The first idea to use comics came to me when I was a police officer. I used to teach the G.R.E.A.T. program, which stood for Gang Resistance Education and Training. I got the idea for a sci-fi action comic to complement the curriculum I introduced to the fifth graders. The premise would be about officers who overcame adversities and possessed special skills they could use while fighting crime and helping others. They would wear these tactical Nano Suits that enhanced their innate abilities. The main character is a sergeant who happened to be African American and grew up in the foster system. His brother was killed due to gang violence when he was a child. So, that was his motivation to do better and be better. He is eventually adopted by his earth science teacher from Korea and has his first martial arts experience in Taekwondo. At age 18, he begins his journey traveling the world to learn different arts. It is a little spin-off from me. I am not a foster kid, but my earth science teacher in junior high was my first martial arts instructor. The lessons the characters face throughout the comic’s storyline complement what is taught in the G.R.E.A.T. program. This was a fun and engaging way for the students to receive those lessons.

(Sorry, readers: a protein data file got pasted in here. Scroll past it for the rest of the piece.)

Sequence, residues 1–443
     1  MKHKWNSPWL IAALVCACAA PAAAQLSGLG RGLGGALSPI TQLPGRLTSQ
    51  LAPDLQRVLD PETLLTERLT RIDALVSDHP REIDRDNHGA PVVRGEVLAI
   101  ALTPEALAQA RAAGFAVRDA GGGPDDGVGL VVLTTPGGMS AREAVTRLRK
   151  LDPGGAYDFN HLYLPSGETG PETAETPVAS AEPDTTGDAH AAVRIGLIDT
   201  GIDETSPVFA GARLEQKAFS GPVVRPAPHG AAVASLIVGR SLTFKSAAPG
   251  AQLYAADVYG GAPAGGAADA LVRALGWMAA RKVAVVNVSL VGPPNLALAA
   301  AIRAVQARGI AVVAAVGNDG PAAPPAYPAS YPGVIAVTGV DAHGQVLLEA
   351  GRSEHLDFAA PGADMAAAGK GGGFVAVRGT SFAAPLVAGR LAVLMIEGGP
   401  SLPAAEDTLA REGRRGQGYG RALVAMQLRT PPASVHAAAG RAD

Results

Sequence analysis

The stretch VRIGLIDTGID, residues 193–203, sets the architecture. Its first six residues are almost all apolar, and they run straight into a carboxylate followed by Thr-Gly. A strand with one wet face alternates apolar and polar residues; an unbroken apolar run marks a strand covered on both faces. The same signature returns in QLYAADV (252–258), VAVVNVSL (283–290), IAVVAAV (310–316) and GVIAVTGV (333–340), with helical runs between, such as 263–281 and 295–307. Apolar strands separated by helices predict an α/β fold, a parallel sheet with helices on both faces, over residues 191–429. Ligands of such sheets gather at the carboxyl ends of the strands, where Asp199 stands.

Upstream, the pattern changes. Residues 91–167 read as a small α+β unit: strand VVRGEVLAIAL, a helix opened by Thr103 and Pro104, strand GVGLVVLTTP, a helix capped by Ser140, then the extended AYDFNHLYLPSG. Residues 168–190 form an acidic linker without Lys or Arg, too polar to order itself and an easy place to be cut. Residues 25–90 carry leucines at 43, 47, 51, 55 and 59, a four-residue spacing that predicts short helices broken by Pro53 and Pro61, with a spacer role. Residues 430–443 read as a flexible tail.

CRANE: What is your favorite comics that have influenced you?
GRANDERSON: I’d have to say my biggest influence was Stan Lee and his creation of Spider Man. My favorite character, though, is Iron Man, with Batman making up my top three.
CRANE: Now, you said that you are not an artist and you don't draw these. What programs do you use to create the comic?